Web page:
UPDATE: First he signed, then he didn’t, then he signed and then he didn’t: Chien-Ming Wang’s agent is now saying that the reports are inaccurate, there is no deal with the Nats, and that Wang hasn’t finalized anything with anybody.
And with that, I’m officially out of the Wang business. He could carve his signature into a granite contract with a diamond-tipped chisel in front of 200 notaries public tomorrow and I won’t accept it as fact until I hear three pinky swears and a blood oath as to the deal’s veracity.
10:28 A.M.: There was a lot of back and forth yesterday about whether the Nats and Chien-Ming Wang had a deal or not. Pete Abraham said they did first, only to have some others say, no, no deal is in place. I had called these later reports “debunkings” but in hindsight that was a really poor choice of words, because it automatically assumed that the latest reports were right, and there was no reason to assume that. Why? For one thing Abraham, I later learned, is really tight with Wang’s camp and is trusted by people who know things to know what’s going on with him.
For another thing, it appears as though Abe was right. Last night the China Times reported that, yes, there is a $2 million deal with the chance of it getting to $3 million if certain incentives are met. Later Ken Davidoff of Newsday tweeted the same thing, and no one has since said anything to the contrary.
So apologies to Mr. Abraham and congratulations to Mr. Wang and the Nats, who I think will make a nice pairing.
It was assumed already, but Mike Scioscia made it official during Monday’s press conference for new general manager Billy Eppler that he will return as Angels manager in 2016.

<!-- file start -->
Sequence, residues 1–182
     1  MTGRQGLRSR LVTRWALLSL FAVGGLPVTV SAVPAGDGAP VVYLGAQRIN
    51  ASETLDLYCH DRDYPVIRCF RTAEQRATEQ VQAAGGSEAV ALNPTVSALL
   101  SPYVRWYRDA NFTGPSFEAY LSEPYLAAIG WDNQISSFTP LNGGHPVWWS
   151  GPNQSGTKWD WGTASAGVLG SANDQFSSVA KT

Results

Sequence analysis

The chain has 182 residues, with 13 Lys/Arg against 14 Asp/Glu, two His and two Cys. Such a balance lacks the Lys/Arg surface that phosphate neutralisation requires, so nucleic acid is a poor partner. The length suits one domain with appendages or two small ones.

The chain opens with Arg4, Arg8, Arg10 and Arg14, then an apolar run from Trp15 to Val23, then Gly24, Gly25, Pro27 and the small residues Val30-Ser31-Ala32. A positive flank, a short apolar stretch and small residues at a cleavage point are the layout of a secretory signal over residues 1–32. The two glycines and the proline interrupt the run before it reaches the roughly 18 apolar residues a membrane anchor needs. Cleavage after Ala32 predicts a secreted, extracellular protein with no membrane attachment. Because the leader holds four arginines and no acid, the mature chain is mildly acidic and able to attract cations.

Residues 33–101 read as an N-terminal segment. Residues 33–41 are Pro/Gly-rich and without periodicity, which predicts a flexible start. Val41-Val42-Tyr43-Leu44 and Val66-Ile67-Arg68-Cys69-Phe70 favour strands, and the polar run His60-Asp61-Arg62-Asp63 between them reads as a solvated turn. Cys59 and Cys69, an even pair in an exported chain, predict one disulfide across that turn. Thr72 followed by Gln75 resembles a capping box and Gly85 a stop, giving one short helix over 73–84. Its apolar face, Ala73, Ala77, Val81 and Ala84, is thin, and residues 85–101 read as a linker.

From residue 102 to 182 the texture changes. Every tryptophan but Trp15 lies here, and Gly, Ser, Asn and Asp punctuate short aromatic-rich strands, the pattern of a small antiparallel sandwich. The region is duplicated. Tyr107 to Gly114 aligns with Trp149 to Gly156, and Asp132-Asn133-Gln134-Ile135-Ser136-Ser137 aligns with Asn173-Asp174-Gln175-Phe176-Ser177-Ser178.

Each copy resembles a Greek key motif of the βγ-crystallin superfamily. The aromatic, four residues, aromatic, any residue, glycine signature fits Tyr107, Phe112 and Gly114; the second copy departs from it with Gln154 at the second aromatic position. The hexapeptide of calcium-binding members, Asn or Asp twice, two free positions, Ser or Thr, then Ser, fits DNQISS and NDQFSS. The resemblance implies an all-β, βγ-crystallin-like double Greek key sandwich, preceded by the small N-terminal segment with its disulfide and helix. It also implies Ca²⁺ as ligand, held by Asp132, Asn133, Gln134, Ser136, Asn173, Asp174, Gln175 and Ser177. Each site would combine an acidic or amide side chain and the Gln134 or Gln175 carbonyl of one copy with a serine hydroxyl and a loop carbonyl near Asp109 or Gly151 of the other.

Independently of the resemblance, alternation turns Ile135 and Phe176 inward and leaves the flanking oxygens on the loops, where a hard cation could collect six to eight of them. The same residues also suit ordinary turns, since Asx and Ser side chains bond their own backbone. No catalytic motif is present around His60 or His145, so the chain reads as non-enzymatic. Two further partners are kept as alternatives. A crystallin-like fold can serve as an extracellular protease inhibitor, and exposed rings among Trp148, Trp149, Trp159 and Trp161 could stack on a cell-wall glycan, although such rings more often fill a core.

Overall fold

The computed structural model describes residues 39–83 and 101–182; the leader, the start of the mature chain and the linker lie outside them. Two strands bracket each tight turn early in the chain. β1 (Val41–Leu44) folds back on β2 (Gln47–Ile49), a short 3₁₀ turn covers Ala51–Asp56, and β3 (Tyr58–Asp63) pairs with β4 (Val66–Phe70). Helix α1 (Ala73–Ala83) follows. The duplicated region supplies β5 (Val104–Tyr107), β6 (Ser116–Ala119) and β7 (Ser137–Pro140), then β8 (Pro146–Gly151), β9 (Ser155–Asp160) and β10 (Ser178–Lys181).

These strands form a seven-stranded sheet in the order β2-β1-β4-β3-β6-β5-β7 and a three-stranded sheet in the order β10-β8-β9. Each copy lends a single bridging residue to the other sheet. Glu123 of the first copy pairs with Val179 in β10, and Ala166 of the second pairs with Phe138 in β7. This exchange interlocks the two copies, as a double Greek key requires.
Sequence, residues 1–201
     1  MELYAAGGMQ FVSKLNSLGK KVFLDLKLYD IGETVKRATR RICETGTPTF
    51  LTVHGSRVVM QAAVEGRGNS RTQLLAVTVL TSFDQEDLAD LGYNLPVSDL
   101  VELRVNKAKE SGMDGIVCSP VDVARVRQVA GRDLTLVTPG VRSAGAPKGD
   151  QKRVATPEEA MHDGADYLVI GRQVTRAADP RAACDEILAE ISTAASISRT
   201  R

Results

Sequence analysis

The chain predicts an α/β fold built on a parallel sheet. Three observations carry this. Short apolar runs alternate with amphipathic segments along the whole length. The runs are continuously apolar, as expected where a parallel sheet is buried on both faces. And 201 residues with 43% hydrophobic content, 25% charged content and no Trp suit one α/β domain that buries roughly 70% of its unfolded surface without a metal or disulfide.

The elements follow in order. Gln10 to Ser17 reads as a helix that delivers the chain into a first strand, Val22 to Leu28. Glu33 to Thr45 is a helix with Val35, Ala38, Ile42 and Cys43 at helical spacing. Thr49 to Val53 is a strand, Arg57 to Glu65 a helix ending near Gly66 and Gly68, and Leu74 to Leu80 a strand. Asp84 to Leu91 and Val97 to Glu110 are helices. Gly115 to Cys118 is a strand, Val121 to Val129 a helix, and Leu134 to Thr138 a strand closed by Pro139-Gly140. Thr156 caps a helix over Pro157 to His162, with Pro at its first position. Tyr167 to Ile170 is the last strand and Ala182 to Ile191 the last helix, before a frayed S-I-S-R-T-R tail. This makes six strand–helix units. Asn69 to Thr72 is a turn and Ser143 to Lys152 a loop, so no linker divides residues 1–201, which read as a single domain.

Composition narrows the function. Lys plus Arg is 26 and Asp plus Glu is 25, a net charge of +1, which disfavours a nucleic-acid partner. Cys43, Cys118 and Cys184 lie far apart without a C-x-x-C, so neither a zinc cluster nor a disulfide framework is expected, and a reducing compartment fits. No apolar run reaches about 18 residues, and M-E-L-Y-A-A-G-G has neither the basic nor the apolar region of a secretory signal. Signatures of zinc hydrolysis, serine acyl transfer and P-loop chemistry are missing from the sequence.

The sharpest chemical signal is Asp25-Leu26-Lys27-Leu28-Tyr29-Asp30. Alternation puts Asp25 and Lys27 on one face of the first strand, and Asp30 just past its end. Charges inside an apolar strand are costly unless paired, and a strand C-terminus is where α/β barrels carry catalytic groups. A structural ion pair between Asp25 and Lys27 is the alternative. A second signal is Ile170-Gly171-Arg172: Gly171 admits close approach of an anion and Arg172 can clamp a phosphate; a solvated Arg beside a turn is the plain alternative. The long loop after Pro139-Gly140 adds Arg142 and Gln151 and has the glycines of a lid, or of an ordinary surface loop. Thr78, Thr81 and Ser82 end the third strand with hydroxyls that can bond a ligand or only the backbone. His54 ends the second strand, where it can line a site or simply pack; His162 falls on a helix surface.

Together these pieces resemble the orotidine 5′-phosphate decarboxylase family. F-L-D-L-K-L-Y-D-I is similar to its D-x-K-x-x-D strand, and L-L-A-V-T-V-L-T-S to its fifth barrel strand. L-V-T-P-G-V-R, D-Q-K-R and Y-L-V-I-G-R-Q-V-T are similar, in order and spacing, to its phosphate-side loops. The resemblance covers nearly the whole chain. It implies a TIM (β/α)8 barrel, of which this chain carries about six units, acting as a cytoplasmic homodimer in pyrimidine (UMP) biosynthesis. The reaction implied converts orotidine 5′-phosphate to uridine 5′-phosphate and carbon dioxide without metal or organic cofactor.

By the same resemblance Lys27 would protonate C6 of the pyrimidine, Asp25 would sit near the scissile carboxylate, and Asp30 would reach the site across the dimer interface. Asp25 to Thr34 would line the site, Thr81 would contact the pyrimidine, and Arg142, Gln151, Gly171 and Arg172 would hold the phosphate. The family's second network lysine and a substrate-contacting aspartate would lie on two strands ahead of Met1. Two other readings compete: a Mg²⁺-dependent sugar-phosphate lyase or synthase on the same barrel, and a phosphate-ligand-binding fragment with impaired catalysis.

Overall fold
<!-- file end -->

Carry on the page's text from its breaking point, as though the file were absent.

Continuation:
Scioscia, the longest-tenured manager in the majors, has been at the helm with the Angels since 2000. There was a clause in his contract which allowed him to opt out after the 2015 season, but he has decided to stay put. He still has three years and $15 million on his contract, which runs through 2018.
Jerry Dipoto resigned as Angels general manager in July amid tension with Scioscia, so there were naturally questions today about what to expect with first-time GM Eppler in the fold. According to David Adler of MLB.com, Scioscia isn’t concerned.
“I think we’re going to mesh very well,” Scioscia said. “If we adjust, or maybe he adjusts to some of the things, there’s going to be collaboration that’s going to make us better.”
Eppler is the fourth general manager during Scioscia’s tenure with the team.
After winning the AL West last season, the Angels finished 85-77 this season and narrowly missed the playoffs. The team hasn’t won a postseason game since 2009.
Astros center fielder Carlos Gomez sat out the final series of the regular season in order to rest a strained left intercostal muscle, but there was good news coming out of a workout today in advance of Tuesday’s Wild Card game vs. the Yankees.
This has been a lingering issue for Gomez, who missed 13 straight games with the injury last month. He aggravated the strain on a throw to home plate last Wednesday and was forced to sit while the Astros fought to keep their season alive. Astros manager A.J. Hinch told reporters last week that Gomez’s injury would typically take 45-50 days to recover from, so it’s fair to wonder how productive he can be during the postseason.
Gomez mostly struggled after coming over from the Brewers at the trade deadline, batting .242 with four home runs and a .670 OPS over 41 games.